While in Phnom Penh, the project’s very kind leader presented me with a set of footprints from a big female crocodile. The image, which at first glance looks almost like a scaly human hand stamped in green paint on watercolor paper, was created during a veterinary checkup. I was thrilled with the gift and hung the framed image at the entrance to my studio. The footprints serve as the perfect daily reminder of all those rare and fascinating creatures going about their business in wild places around the world. I don’t know if this falls under the traditional definition of art, but it’s my favorite thing hanging in the house, hands down.

What’s next for you?

I just submitted final artwork for a book I wrote and illustrated called Hello Hello. The project, which uses a sequence of related animals to take a look at the ways in which we relate to the world around us, will be out with Chronicle Books in Spring 2018. Aside from that, I have a sketch book filled with preliminary work for a few new projects that I am really excited about. I will be going to Maine next week, where I will be gleefully fleshing them out under the close watch of a few thousand pine trees and probably a porcupine or two.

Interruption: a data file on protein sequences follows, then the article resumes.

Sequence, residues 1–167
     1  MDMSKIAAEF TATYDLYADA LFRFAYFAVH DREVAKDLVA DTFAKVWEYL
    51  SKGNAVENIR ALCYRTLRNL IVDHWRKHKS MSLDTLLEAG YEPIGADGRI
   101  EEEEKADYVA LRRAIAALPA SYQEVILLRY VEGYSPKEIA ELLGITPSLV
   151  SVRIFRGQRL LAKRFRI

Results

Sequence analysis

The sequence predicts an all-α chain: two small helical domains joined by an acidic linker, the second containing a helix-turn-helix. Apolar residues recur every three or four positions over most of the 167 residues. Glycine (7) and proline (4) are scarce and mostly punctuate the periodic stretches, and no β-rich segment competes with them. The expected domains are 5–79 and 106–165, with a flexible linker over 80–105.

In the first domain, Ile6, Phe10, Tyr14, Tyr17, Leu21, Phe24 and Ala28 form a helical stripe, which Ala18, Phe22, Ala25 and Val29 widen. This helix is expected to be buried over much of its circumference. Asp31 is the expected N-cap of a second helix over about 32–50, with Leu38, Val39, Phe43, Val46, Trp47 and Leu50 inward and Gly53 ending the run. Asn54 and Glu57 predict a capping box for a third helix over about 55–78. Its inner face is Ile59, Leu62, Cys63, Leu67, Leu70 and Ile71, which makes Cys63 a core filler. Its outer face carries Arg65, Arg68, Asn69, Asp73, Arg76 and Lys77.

They All Saw a Cat


by Brendan Wenzel (Chronicle Books, 2016)

You might have heard about this book.

You might have read the fascinating and buzz-inducing article on its acquisition.

You might have heard Matthew Winner and Brendan Wenzel in conversation here. (And do if you haven’t! It’s a treat.)

You might have seen Emily Arrow’s super sweet song and video. (Kid-tested and approved in my library!)

You might have seen many, many bloggers invite the Caldecott (and Geisel!) committee to the party on this one. (See here, here, here, and here.)

All of those people saw a cat. And I did too!

But somehow, Brendan Wenzel actually wrote a cat.

Let’s break it down.

The opening spread is an introduction to the character, his journey, and his senses. The art asks us to follow, but so do the words.

Read this out loud.

The cat walked through the world,